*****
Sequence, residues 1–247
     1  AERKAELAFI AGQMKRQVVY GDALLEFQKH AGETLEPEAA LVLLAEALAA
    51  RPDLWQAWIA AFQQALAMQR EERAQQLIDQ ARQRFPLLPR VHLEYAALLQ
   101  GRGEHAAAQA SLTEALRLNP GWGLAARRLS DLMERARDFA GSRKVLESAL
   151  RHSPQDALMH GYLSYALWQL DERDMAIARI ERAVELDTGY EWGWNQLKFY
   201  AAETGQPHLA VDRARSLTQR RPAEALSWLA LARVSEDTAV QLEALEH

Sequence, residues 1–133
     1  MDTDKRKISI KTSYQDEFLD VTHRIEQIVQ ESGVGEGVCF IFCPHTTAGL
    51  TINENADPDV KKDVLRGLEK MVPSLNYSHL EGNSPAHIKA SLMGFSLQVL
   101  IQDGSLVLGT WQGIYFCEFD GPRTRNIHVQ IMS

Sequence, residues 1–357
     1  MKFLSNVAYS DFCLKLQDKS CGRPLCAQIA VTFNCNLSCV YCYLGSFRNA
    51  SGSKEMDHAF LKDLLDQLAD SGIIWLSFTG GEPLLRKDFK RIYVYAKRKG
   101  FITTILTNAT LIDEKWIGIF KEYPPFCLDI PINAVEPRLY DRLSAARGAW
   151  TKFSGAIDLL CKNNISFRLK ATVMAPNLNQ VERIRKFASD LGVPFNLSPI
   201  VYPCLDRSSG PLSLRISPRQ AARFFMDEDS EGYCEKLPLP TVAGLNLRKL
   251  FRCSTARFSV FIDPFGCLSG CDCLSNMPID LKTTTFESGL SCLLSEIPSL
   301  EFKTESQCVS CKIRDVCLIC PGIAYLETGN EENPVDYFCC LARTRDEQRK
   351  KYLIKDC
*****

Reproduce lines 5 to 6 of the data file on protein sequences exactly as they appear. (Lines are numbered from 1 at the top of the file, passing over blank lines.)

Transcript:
   151  RHSPQDALMH GYLSYALWQL DERDMAIARI ERAVELDTGY EWGWNQLKFY
   201  AAETGQPHLA VDRARSLTQR RPAEALSWLA LARVSEDTAV QLEALEH